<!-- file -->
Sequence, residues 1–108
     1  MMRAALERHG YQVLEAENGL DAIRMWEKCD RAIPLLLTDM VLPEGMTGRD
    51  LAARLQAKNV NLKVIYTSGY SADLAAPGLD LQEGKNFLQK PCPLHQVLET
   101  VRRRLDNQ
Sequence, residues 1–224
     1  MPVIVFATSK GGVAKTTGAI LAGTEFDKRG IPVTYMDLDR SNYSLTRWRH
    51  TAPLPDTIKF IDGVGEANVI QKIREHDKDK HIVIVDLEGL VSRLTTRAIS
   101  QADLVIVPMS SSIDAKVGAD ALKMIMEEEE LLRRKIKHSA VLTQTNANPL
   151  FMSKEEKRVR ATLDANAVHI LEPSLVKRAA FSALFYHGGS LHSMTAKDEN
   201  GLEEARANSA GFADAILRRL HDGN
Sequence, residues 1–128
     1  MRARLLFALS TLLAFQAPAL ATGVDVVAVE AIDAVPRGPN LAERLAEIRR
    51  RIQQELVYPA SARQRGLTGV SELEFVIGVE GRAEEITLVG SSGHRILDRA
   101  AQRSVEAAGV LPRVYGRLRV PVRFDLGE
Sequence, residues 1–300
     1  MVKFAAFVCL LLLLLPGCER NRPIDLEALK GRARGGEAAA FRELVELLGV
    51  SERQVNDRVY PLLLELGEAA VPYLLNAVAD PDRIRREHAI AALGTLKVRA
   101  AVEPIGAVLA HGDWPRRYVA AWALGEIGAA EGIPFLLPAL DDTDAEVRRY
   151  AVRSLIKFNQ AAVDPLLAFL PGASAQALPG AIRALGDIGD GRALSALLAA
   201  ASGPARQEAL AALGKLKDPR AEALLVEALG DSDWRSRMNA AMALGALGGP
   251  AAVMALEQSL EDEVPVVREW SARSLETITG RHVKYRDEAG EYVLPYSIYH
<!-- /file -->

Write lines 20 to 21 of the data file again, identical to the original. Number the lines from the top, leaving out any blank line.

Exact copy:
   201  ASGPARQEAL AALGKLKDPR AEALLVEALG DSDWRSRMNA AMALGALGGP
   251  AAVMALEQSL EDEVPVVREW SARSLETITG RHVKYRDEAG EYVLPYSIYH